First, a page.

Looks like the road but it isn't.

Foilage is a multiple issue.

Visibility.

Leaves on the road.

Obfuscation of upcoming curves and crash sites.

Plus, US 129 (the dragon) is the "short" route and too many RV/semi trailer nerds use it aware/or not of the fact that there are corners they can't navigate without taking the entire road.

Come around a blind corner and meet one of those, well, you are

screwed.

Throw in the sports cars, bad riders, (I've actuall been behind folks slower than me), immortals, etc. choose yoour time wisely.

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The Cherohala is apparently deceiving - more rider fatalities on it than on The Dragon. This was news to me - it's always on my itinerary if I'm in the neighborhood.

 

I'm not sure what the numbers are, but the Cherohala is over four times as long, so that may account for part of ti.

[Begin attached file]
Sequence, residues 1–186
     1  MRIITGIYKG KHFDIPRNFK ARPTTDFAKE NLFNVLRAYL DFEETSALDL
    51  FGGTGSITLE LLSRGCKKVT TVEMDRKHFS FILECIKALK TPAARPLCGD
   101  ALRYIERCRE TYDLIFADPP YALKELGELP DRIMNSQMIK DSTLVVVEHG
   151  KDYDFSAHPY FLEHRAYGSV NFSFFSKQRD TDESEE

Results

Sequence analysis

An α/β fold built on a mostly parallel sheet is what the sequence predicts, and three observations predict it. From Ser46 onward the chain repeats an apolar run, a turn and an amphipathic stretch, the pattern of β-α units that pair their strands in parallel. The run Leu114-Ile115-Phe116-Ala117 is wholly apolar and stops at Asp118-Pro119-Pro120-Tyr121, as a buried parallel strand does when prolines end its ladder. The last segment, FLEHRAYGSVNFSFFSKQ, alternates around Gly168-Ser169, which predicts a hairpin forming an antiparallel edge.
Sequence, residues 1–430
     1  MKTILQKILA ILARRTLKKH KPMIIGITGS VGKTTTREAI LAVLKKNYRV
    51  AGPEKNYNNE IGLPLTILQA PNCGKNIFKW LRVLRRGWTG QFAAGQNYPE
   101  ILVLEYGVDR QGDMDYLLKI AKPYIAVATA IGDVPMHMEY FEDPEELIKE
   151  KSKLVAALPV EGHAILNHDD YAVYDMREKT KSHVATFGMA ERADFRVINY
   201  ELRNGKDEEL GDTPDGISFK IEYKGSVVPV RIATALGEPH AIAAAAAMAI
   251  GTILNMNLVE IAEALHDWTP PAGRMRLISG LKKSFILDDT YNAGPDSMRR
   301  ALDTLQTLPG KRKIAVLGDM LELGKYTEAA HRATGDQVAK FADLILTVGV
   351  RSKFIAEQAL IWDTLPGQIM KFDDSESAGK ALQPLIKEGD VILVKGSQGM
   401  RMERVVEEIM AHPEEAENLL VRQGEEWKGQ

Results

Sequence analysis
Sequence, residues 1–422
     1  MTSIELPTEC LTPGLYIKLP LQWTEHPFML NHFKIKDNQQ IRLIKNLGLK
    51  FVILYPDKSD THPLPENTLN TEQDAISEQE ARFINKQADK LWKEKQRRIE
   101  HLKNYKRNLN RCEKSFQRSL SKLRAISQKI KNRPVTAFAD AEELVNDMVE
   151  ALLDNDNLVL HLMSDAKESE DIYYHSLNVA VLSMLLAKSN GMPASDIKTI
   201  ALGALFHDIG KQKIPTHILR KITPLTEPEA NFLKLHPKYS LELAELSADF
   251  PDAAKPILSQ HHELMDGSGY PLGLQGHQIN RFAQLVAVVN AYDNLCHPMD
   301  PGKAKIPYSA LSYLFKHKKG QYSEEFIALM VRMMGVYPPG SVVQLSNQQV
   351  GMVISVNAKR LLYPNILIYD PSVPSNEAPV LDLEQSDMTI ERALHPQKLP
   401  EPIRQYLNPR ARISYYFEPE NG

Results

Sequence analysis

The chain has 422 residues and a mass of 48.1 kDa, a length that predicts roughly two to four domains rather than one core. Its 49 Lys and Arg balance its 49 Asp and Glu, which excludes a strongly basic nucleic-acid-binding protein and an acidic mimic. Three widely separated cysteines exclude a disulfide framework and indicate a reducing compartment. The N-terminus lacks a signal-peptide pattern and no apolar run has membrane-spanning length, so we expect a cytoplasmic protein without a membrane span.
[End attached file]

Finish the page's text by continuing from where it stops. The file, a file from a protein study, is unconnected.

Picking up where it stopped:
But, as noted above, the consistent theme is riders getting in over their head . . . sometimes simply trying to make a point. None of us is immune to it, and these tales serve as a valuable reminder that we participate in an activity that encompasses perils.

 

Probably the main reason for more fatalities is that speeds are much higher on the Cherohala than the Gap.

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I'm not sure what the numbers are, but the Cherohala is over four times as long, so that may account for part of ti.

 

But, as noted above, the consistent theme is riders getting in over their head . . . sometimes simply trying to make a point. None of us is immune to it, and these tales serve as a valuable reminder that we participate in an activity that encompasses perils.

Not disagreeing, just adding… In this case, a rider getting in over his head may have been the precipitating event, but the problem was greatly exacerbated by a rider following too closely, turning what might have been a one bike accident or even none, into a two bike accident and a death.